A teenage girl who died from anaphylactic shock in October was killed by an allergic reaction to her toothpaste, her family has alleged.
Francesca Sanna went into anaphylactic shock while in a car heading out with her friends for the night. She died before she could receive the necessary medical treatment.
Only minutes before the attack, she had brushed her teeth with Aquafresh toothpaste. Her parents have blamed the toothpaste for their daughter's death.
"From the beginning I thought that toothpaste might have contributed to her death," said Sanna's mother Kim. "We always used Aquafresh Mild and Minty, and then the packaging changed. This is when Francesca started to complain of sore teeth and gums - a couple of weeks before she died."
Kim Sanna noted that her daughter had brushed her teeth right before leaving the house.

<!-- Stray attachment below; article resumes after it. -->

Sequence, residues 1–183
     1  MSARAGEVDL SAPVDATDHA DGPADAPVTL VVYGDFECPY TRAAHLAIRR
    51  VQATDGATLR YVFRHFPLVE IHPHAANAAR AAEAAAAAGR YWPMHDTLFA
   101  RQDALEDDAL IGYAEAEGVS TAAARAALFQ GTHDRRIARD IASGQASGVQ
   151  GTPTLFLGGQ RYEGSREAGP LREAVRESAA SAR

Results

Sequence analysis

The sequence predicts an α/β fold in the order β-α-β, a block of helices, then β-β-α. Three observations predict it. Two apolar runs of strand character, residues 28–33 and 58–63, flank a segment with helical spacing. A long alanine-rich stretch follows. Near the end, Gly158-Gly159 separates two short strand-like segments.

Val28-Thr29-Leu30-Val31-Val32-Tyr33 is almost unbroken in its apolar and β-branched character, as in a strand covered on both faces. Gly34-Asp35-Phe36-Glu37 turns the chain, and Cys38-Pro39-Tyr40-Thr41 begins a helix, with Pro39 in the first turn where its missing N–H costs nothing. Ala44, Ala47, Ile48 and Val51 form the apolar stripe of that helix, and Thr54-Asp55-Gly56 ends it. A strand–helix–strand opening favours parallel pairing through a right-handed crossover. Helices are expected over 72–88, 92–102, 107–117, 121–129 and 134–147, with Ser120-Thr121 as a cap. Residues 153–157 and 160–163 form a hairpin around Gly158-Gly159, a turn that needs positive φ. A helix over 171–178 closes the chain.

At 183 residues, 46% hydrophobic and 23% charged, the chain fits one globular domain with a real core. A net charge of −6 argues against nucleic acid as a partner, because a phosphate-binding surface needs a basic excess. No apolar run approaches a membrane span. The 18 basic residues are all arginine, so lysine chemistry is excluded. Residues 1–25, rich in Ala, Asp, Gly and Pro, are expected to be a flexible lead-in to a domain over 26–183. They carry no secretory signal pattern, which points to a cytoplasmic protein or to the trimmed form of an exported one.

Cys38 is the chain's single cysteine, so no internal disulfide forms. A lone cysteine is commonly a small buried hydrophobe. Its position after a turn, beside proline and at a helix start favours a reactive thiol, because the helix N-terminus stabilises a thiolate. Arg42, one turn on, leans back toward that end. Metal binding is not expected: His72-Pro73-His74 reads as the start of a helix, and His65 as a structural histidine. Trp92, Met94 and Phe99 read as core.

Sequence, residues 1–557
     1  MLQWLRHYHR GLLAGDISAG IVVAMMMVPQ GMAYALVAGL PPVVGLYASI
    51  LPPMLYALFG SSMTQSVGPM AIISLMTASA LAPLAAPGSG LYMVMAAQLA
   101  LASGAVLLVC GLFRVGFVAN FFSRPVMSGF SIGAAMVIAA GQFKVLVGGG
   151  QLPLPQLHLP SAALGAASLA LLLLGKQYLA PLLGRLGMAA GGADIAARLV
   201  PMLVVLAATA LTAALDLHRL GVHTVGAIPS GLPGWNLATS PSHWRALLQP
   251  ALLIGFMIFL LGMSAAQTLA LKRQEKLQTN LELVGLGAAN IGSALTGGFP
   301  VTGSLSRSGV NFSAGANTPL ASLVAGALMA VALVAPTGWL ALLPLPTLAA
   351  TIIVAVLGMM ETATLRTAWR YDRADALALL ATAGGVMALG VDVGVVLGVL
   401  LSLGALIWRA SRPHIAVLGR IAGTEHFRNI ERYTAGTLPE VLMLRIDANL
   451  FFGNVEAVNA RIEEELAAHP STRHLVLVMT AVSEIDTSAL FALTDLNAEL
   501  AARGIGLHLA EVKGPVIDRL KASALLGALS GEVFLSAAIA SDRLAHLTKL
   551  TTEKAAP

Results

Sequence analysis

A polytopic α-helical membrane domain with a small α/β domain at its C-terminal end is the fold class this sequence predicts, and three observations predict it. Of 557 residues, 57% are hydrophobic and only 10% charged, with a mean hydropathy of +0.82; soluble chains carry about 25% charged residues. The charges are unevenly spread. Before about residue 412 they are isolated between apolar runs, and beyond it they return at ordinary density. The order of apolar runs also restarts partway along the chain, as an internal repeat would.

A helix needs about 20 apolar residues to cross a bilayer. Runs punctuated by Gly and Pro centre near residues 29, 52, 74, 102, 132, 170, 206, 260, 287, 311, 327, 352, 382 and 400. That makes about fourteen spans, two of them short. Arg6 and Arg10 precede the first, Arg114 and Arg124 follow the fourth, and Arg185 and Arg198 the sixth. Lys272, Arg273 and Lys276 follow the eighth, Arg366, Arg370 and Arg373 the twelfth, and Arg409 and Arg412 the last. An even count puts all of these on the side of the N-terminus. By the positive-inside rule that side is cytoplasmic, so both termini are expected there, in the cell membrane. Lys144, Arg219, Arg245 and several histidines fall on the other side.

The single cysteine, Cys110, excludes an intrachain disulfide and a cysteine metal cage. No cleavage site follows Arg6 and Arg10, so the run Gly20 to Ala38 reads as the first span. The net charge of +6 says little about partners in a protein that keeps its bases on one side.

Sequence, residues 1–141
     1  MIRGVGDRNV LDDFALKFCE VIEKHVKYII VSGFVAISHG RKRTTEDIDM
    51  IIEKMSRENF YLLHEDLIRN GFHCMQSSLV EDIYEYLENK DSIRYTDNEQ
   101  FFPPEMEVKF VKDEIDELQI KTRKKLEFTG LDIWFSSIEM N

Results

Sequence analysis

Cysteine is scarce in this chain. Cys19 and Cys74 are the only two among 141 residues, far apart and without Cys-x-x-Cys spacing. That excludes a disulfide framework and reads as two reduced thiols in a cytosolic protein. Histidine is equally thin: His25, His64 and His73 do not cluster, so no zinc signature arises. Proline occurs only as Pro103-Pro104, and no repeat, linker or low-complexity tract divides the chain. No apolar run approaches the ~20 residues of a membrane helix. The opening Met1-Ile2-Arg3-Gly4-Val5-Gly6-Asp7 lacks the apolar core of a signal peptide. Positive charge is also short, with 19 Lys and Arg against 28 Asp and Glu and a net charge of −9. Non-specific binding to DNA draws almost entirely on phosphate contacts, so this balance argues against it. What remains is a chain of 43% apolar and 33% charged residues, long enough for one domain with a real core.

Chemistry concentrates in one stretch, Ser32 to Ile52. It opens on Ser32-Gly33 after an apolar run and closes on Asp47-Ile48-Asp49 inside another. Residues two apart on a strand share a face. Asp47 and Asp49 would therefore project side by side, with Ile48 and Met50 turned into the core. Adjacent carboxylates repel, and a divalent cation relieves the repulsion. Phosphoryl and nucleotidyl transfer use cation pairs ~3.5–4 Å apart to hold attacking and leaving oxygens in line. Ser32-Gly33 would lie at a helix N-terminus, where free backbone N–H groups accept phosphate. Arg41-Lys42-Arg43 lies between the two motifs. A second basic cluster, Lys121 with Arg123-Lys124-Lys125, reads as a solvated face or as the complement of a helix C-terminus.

"Her [allergic] reaction was so severe and so quick the trigger must have been something she did before she left the house, like brushing her teeth," she said.
In response to the allegations, a spokesperson for Aquafresh manufacturer Glaxo SmithKline said that the ingredients of Aquafresh Mild and Minty toothpaste have not changed since 2001, and that the company has never had reports of severe allergies to the product.
The coroner's report on Sanna's death was inconclusive, beyond the fact that an allergic reaction - specifically, an acute anaphylactic reaction and asthma - was definitely the cause of death.
"She must have come into contact with or ingested something that caused her death," said coroner Carolyn Singleton.
At a recent inquest into the death, pathologist Dr Richard Prescott said, "Both lungs were inflamed and the bronchials were plugged with mucus, but she did not die from an asthma attack.
"[The cause] could have been a number of different things. People have suffered severe reactions in the past from toothpaste, mouthwash or even tampons," Prescott said.
[Via Natural News]